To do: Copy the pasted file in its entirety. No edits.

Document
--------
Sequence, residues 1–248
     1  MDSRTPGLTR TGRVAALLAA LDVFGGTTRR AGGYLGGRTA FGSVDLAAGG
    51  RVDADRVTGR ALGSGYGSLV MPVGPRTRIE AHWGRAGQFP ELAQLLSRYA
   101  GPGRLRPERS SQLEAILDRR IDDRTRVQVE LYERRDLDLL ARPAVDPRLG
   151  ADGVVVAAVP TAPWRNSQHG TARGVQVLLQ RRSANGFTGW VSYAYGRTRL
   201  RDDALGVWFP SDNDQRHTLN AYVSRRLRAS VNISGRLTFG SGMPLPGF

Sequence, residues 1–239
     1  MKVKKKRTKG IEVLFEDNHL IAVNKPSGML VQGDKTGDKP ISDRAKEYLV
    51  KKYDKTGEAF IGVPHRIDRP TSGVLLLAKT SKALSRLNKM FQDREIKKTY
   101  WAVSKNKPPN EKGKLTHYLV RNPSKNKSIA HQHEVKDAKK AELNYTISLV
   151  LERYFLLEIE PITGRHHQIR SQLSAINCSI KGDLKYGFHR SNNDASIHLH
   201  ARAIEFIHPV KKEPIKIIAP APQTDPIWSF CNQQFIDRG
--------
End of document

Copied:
Sequence, residues 1–248
     1  MDSRTPGLTR TGRVAALLAA LDVFGGTTRR AGGYLGGRTA FGSVDLAAGG
    51  RVDADRVTGR ALGSGYGSLV MPVGPRTRIE AHWGRAGQFP ELAQLLSRYA
   101  GPGRLRPERS SQLEAILDRR IDDRTRVQVE LYERRDLDLL ARPAVDPRLG
   151  ADGVVVAAVP TAPWRNSQHG TARGVQVLLQ RRSANGFTGW VSYAYGRTRL
   201  RDDALGVWFP SDNDQRHTLN AYVSRRLRAS VNISGRLTFG SGMPLPGF

Sequence, residues 1–239
     1  MKVKKKRTKG IEVLFEDNHL IAVNKPSGML VQGDKTGDKP ISDRAKEYLV
    51  KKYDKTGEAF IGVPHRIDRP TSGVLLLAKT SKALSRLNKM FQDREIKKTY
   101  WAVSKNKPPN EKGKLTHYLV RNPSKNKSIA HQHEVKDAKK AELNYTISLV
   151  LERYFLLEIE PITGRHHQIR SQLSAINCSI KGDLKYGFHR SNNDASIHLH
   201  ARAIEFIHPV KKEPIKIIAP APQTDPIWSF CNQQFIDRG